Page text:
What he does think will be a challenge, though, is ensuring strong teacher retention with local teachers, given the proliferation of schools in India.
“In Mumbai, one of the biggest issues is that there’s going to be a massive proliferation of international schools in the next five years and the critical part of that is going to be the recruitment and retention of local staff, who are not tremendously brand loyal.”
As part of planning for this, he says the school is already in conversation with one of its partner organisations in India about opening a teacher training institution so more local staff could be trained up “to work in schools like Millfield internationally”.
Furthermore, he says he also hopes to use the lure of the opportunity to live and work in India to help retain its UK staff, too.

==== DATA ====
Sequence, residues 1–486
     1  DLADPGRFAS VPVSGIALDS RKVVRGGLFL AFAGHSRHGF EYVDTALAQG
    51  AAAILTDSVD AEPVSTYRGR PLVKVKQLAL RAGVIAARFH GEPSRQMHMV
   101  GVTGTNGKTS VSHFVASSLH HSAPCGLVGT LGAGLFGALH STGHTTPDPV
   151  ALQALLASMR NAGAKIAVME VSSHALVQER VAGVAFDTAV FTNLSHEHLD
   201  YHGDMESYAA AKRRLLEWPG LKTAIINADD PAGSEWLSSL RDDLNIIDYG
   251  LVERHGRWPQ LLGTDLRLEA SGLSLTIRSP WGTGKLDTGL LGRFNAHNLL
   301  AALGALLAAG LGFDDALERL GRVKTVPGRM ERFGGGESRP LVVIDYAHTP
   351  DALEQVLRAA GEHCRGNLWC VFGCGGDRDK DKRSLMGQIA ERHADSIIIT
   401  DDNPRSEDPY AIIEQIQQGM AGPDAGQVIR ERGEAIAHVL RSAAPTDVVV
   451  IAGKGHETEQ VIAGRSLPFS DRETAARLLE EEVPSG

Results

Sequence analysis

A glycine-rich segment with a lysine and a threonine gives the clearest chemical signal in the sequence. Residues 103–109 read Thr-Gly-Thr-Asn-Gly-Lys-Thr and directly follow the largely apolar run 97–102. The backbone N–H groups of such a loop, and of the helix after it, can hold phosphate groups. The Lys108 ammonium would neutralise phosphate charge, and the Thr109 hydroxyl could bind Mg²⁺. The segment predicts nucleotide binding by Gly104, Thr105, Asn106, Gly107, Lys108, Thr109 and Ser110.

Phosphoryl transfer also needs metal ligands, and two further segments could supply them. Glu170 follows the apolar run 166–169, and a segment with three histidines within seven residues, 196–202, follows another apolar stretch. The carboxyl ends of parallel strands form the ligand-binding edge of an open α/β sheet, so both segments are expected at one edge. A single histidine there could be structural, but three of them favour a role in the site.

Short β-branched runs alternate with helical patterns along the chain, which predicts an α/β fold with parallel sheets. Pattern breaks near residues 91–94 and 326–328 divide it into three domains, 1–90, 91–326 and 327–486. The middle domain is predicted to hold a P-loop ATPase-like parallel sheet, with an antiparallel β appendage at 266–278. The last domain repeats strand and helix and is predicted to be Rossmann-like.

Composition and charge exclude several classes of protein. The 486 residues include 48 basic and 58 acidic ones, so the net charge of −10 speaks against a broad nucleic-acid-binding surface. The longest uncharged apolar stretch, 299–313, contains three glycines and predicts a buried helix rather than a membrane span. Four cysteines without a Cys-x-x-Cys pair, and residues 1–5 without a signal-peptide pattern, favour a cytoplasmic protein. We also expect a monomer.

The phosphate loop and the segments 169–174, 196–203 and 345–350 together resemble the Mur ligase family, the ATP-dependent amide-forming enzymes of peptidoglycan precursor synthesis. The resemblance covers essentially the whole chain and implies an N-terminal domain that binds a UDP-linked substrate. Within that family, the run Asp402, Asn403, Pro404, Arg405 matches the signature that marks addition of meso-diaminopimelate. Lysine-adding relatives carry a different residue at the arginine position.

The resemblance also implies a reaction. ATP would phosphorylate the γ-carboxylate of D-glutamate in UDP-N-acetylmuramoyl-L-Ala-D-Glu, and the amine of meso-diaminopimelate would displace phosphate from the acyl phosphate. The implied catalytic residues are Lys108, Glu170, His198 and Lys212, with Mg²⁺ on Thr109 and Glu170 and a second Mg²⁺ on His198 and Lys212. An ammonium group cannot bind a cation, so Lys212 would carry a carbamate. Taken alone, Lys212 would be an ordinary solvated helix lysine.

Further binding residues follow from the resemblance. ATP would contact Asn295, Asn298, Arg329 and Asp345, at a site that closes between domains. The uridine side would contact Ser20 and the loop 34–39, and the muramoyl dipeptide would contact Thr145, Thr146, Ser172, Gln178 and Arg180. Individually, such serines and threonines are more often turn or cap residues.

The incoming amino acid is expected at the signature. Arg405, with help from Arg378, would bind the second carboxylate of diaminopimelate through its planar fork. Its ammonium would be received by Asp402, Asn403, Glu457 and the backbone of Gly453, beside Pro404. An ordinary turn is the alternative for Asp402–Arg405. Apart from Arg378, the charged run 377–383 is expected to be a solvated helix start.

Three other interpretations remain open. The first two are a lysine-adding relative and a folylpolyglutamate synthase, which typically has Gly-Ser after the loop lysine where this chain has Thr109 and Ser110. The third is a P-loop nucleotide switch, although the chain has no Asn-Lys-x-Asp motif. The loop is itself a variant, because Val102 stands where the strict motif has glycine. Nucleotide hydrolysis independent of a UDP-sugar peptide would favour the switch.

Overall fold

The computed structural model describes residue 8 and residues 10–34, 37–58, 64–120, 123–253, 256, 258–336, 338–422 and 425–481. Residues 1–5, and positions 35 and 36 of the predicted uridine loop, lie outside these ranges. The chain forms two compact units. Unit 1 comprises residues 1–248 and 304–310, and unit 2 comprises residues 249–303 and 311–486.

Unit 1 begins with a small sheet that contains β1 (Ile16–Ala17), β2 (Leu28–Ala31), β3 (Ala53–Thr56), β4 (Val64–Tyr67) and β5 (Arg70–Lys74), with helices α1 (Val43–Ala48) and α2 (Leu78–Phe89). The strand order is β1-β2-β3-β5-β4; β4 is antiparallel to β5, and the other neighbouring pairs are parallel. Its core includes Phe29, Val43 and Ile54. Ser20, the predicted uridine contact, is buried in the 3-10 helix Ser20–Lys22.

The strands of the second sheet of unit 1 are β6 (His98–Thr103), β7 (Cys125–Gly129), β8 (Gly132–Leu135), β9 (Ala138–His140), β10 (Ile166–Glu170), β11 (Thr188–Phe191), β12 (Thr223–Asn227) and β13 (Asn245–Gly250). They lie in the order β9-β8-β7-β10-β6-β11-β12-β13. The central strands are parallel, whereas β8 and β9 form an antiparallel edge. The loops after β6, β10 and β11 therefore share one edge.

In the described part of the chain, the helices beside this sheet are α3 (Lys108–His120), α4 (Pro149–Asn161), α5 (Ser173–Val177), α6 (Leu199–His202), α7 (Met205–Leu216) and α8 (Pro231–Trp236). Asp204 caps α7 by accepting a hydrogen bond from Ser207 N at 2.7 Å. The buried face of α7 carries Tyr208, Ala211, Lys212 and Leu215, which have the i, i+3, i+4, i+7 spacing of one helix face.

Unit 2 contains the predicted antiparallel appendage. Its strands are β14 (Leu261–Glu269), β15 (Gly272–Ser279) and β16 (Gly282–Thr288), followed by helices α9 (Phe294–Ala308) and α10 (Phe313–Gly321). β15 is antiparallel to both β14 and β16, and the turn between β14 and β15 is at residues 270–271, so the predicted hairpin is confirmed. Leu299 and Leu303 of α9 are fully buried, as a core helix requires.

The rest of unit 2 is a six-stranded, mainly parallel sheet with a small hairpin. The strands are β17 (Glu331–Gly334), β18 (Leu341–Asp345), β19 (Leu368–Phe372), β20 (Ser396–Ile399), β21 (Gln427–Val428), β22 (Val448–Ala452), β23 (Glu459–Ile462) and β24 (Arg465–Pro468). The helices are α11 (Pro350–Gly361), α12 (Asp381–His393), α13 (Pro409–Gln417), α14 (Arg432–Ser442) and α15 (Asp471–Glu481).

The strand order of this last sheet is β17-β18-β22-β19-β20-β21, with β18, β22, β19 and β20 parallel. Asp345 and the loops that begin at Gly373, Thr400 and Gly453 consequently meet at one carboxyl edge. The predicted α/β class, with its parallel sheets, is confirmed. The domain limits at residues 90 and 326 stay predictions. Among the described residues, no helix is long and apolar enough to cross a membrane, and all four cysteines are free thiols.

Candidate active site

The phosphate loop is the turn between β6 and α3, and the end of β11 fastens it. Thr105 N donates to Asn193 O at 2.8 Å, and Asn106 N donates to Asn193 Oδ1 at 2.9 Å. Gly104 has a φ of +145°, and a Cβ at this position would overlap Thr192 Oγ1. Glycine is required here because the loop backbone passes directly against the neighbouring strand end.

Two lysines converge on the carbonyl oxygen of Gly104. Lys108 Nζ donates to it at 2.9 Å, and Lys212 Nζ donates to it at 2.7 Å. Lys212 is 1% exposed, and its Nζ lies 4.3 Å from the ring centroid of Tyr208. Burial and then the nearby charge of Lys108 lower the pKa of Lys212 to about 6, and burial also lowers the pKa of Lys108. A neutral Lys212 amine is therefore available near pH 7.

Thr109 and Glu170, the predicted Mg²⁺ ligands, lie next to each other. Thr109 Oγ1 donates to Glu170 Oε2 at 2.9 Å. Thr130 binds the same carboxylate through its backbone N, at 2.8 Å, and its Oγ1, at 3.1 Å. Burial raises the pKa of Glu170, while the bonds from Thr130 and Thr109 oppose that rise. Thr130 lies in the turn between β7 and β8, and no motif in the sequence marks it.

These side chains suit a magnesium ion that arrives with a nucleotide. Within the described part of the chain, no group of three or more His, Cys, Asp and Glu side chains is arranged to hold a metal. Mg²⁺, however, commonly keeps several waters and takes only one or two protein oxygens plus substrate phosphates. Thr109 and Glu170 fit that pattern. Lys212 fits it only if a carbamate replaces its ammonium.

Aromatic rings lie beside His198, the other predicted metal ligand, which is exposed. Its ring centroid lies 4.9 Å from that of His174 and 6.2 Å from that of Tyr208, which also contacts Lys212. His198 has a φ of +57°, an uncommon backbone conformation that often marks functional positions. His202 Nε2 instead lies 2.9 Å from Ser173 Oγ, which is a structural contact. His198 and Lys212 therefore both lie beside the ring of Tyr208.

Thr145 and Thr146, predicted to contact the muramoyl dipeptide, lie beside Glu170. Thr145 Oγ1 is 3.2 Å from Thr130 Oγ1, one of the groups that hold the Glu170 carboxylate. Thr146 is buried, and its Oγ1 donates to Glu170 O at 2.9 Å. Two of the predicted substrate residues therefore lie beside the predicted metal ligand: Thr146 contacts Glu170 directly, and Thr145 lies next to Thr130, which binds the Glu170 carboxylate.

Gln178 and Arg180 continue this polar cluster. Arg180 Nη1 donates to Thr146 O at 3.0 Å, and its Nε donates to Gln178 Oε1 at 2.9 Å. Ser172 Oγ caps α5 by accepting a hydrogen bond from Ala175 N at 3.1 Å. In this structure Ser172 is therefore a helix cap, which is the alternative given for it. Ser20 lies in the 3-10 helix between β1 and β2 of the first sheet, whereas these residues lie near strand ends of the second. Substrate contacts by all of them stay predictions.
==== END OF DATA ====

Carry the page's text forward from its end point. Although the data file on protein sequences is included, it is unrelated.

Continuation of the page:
“I’ve spoken to staff here, particularly those who have been with us for some time who I want to keep for much longer, and it’s great being able to develop them and retain them by saying: ‘I want you to go out on secondment or be part of curriculum design and quality control.’”
For teachers not in a school with direct links to the country but for whom the idea of living and working in India sounds appealing, it seems clear from the above trends there will be plenty of opportunities emerging in the years ahead for those with the desire to go.
As Bell notes: “The growth of British-orientated international schools across India is an exciting prospect.”
Kimberley Cheung is a freelance journalist. Dan Worth is senior editor at Tes